Safety-critical real-time systems have both functional and non-functional requirements. The functional requirement specifies what an application does while the non-functional requirement specifies the quality of the functional behaviors.
Examples of non-functional behaviors are throughput, energy consumption, timeliness, and so on. In the context of real-time systems, the correctness of the system depends not only on the logical output of the functions, but also on when the output is generated. In other words, generating the correct output within a certain deadline is of utmost importance for safety-critical real-time systems.
Many real-time applications (e.g., control and monitoring) are modeled as a collection of periodic tasks. Each periodic task becomes available for execution at the beginning of the period and must complete its execution before next period begins (i.e., the deadline of the task). Each instance of a periodic task is called a job.
Scheduling algorithm plays the vital role in determining which task to dispatch to processor for execution, at which time instant, when several tasks are available for execution.
A task is said to be active when it has arrived and has not completed its execution. Preemptive fixed-priority scheduling is a preferable means in the industry for executing periodic tasks: each task is statically assigned one fixed priority and the scheduler always dispatches the highest priority active task by preempting, if any, the execution of a lower priority task. In other words, a higher priority task can preempt the execution of a lower priority task and a lower priority task cannot preempt the execution of a higher priority task. A lower-priority task resumes its execution later when there is no higher priority active task awaiting execution.
Tasks generally share resources, for example, data structure, main memories, files, processor registers, I/O units, communication bus, and so on. It is important to enforce effective synchronization mechanisms when multiple tasks share a resource in order to ensure consistent view of the system. One way to ensure such synchronization is using semaphore for each shared resource. A task holding a semaphore has exclusive access to that resource. No task can hold a semaphore if it is currently locked by another task (i.e., at most one task can execute in the critical section).
How it works
We denote SR the semaphore for shared resource R. A job invokes wait(SR) and signal(SR) commands to grab and release the resource R, respectively. If resource R is already in use by some job J2 of a lower priority task, then another job J1 of a higher priority task is blocked when invokes wait(SR). After job J2 releases resource R by calling signal(SR), job J1 can grab the semaphore and gets access to resource R. Note that a higher priority tasks can preempt the execution of a lower priority task. A lower priority task can block the execution of a higher priority task if they share some resource and the resource is currently in possession of the lower priority task. To see how it happens, consider the following two jobs J1 and J2 where J1 has higher fixed priority than job J2 and resource R is shared between the two jobs.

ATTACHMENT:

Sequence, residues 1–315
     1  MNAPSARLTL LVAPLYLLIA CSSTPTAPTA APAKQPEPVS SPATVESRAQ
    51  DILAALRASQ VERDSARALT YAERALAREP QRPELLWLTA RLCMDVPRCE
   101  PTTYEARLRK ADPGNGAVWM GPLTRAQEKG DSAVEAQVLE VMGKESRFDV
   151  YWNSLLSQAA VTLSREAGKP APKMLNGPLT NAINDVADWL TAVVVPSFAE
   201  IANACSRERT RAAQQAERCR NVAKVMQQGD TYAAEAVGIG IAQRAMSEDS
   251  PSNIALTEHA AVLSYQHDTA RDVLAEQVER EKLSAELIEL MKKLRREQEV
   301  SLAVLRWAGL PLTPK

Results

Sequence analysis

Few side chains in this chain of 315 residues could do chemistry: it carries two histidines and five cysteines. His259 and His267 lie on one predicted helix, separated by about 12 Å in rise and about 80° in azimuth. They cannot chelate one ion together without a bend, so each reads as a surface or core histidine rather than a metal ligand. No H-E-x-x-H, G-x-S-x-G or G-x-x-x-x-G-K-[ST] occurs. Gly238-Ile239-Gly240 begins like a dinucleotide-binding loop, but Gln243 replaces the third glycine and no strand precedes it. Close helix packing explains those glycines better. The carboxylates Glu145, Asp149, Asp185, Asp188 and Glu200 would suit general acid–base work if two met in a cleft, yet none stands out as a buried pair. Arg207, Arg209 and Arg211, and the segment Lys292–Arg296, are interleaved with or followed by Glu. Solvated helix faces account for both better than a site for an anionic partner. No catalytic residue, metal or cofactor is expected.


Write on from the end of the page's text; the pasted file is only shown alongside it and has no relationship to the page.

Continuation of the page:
The Unavoidable Blocking
Consider the following execution pattern in Figure 2 of the two jobs J1 and J2 where prio(J1) > prio(J2). This situation in Figure 2 is called unavoidable blocking where the higher priority job J1 must be blocked since the lower priority job J2 is holding R when J1 needs it.
Job J2 starts its normal execution and then access the semaphore and executes in the critical section. While J2 is executing its critical section, job J1 arrives, preempt the execution of J2 and starts its normal execution. At time instant t1, job J1 needs resource R and is blocked since the semaphore of R is locked by job J2. At this moment, job J2 starts execution and completes the critical section by time instant t2 and releases the semaphore. Then J1 starts execution by preempting job J2 and completes. Finally, job J2 resumes its execution and finishes it execution
Points to be taken care of
There are mature fixed-priority scheduling algorithms for scheduling a set of periodic real-time tasks with the assumption that tasks are independent, i.e., the tasks do not share any other resource except the processing platform. However, this assumption does not always hold and problem begins when tasks share other resources. Semaphores are primarily used to allow the use of shared resources. This leads to a synchronization problem called Priority inversion problem due to shared resources in real-time systems. The most popular example of this particular problem is the Mars Pathfinder.
Vivek is a Senior Embedded Engineer at Robert Bosch. He has been working on Embedded Systems for the past 10 years. He loves to share his knowledge and train those who are interested. Nerdyelectronics.com was started out of this interest.